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GNU gettext
Official gnu.svg
Original author(s) Sun Microsystems
Developer(s) GNU Project
Initial release 1995; 19 years ago (1995)[1]
Stable release 0.19.3 / 16 October 2014; 2 months ago (2014-10-16)[2]
Preview release Git repository [3]
Operating system Cross-platform
Type Internationalization and localization
License Various free software licenses

In computing, gettext is an internationalization and localization (i18n) system commonly used for writing multilingual programs on Unix-like computer operating systems. The most commonly used implementation of gettext is GNU gettext, released by the GNU Project in 1995.


gettext was originally written by Sun Microsystems in the early 1990s. The GNU Project released GNU gettext, a free software implementation of the system in 1995.[1]



Typical gettext workflow. The de.po instance on the left shows that no string translation was found, so the original string is passed through.

Source code is first modified to use the GNU gettext calls. For most programming languages, this is done by wrapping strings that the user will see in the gettext function. To save typing time, and to reduce code clutter, this function is commonly aliased to _, so that the C code:

printf(gettext("My name is %s.\n"), my_name);

would become:

printf(_("My name is %s.\n"), my_name);

Comments (starting with ///) placed directly before strings thus marked are made available as hints to translators by helper programs.

gettext then uses the supplied strings as keys for looking up alternative translations, and will return the original string when no translation is available. This is in contrast to POSIX catgets, AmigaOS GetString, or the use of LoadString under Microsoft Windows where a programmatic ID (often an integer) is used.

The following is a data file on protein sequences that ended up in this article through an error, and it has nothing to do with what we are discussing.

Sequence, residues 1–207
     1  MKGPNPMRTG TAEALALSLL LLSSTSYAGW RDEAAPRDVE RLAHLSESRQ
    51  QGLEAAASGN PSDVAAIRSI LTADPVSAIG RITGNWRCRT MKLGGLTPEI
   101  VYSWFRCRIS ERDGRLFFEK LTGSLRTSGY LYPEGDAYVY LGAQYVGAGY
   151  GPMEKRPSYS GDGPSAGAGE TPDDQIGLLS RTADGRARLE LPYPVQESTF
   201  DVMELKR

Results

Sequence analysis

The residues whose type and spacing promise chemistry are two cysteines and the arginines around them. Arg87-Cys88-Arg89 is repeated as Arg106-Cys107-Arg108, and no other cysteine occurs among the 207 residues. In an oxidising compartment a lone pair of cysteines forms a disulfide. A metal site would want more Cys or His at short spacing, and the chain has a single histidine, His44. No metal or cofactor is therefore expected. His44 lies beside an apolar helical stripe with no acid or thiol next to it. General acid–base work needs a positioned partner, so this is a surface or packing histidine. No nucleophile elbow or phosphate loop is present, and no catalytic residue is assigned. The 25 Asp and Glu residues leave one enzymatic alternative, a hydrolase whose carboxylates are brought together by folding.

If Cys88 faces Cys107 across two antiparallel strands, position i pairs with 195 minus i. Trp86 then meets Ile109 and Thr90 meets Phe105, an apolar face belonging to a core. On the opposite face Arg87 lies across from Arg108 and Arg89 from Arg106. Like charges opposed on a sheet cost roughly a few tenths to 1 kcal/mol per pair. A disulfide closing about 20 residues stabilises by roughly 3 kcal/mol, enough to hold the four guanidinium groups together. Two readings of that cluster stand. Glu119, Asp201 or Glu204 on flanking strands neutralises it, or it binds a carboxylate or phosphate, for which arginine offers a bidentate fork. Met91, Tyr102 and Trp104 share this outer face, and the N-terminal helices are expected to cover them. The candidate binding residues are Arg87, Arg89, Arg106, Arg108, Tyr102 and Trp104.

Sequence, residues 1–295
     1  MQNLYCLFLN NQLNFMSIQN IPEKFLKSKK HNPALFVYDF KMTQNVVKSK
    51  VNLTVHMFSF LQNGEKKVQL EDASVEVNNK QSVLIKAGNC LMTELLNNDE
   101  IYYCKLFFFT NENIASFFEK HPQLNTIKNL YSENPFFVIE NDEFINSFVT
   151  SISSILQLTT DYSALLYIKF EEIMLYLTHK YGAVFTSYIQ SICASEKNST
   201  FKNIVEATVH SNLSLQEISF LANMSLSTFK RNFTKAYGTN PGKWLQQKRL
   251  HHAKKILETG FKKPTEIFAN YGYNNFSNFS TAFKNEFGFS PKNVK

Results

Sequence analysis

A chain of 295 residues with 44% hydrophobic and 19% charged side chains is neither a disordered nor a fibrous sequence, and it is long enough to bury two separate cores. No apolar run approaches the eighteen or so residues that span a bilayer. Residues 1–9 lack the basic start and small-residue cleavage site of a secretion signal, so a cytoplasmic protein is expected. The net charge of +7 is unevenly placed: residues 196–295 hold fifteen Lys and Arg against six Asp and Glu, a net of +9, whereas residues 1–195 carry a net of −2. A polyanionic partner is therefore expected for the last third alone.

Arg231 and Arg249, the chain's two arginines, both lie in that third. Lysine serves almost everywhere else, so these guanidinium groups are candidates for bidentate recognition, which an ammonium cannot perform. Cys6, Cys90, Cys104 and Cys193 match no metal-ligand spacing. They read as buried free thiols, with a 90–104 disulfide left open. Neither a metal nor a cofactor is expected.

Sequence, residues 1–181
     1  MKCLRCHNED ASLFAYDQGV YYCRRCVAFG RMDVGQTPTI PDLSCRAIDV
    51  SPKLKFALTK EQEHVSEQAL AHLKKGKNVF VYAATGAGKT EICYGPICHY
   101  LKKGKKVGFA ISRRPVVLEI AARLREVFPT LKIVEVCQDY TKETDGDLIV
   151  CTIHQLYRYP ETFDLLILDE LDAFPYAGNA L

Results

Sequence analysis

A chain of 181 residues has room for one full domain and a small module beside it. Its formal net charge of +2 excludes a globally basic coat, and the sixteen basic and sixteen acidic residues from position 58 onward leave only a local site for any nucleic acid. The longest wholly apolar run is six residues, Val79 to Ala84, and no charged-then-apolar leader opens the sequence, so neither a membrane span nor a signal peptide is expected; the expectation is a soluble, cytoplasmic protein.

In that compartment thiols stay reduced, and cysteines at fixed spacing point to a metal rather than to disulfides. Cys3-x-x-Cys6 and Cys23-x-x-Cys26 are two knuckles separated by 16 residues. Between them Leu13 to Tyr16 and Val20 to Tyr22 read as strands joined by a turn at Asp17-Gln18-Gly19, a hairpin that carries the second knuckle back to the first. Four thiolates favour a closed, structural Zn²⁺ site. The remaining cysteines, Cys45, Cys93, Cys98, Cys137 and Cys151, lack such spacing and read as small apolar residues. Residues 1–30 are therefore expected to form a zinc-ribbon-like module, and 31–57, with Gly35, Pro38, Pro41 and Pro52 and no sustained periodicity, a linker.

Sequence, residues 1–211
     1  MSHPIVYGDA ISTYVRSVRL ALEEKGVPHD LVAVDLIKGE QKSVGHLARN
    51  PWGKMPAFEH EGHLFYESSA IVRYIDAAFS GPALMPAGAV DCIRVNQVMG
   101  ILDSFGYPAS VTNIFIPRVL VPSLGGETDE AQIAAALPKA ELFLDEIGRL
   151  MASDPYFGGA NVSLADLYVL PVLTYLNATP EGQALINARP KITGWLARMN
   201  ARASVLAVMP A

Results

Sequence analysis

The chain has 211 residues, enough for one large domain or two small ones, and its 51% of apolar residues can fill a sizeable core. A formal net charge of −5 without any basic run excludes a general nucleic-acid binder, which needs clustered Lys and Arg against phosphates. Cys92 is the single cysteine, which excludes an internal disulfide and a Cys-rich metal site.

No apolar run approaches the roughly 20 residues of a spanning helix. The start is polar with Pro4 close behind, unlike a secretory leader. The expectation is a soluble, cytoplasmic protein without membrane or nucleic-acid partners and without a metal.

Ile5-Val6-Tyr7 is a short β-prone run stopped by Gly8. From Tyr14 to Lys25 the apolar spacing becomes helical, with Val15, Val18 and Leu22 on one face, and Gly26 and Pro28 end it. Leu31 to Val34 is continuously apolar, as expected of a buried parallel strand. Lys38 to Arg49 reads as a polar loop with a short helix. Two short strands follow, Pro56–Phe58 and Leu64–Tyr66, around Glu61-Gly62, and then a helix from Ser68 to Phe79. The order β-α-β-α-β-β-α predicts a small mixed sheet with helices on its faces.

xgettext is run on the sources to produce a .pot (Portable Object Template) file, which contains a list of all the translatable strings extracted from the sources.

For example, an input file with a comment might look like:

/// TRANSLATORS: Please leave %s as it is, because it is needed by the program.
/// Thank you for contributing to this project.
printf(_("My name is %s.\n"), my_name);

xgettext is run using the command:

xgettext --add-comments=/

The resultant .pot file looks like this with the comment:

 #. TRANSLATORS: Please leave %s as it is, because it is needed by the program.
 #. Thank you for contributing to this project.
 #: src/name.c:36
 msgid "My name is %s.\n"
 msgstr ""


The translator derives a .po (Portable Object) file from the template using the msginit program, then fills out the translations.[4] msginit initializes the translations so, for instance, for a French language translation, the command to run would be:[5]

msginit --locale=fr --input=name.pot

This will create fr.po. The translator then edits the resultant file, either by hand or with a translation tool like Poedit, or Emacs with its editing mode for .po files. An edited entry will look like:

 #: src/name.c:36
 msgid "My name is %s.\n"
 msgstr "Je m'appelle %s.\n"

Finally, the .po files are compiled with msgfmt into binary .mo (Machine Object) files. GNU gettext has its own file name extension: .gmo.[6] These are now ready for distribution with the software package.


The user, on Unix-type systems, sets the environment variable LC_MESSAGES, and the program will display strings in the selected language, if there is an .mo file for it.


In addition to C, GNU gettext has the following implementations: C++, C# for ASP.NET MVC Framework,[7]Objective-C, Pascal/Object Pascal, sh script, bash script, Python, GNU CLISP, Emacs Lisp, librep, GNU Smalltalk, Java, GNU AWK, Haskell, wxWidgets (through the wxLocale class), YCP (the YaST2 language), Tcl, Perl, PHP, Pike, Ruby, R,[citation needed] Glade 3, Lua, JavaScript, and Vala.

See also[edit]


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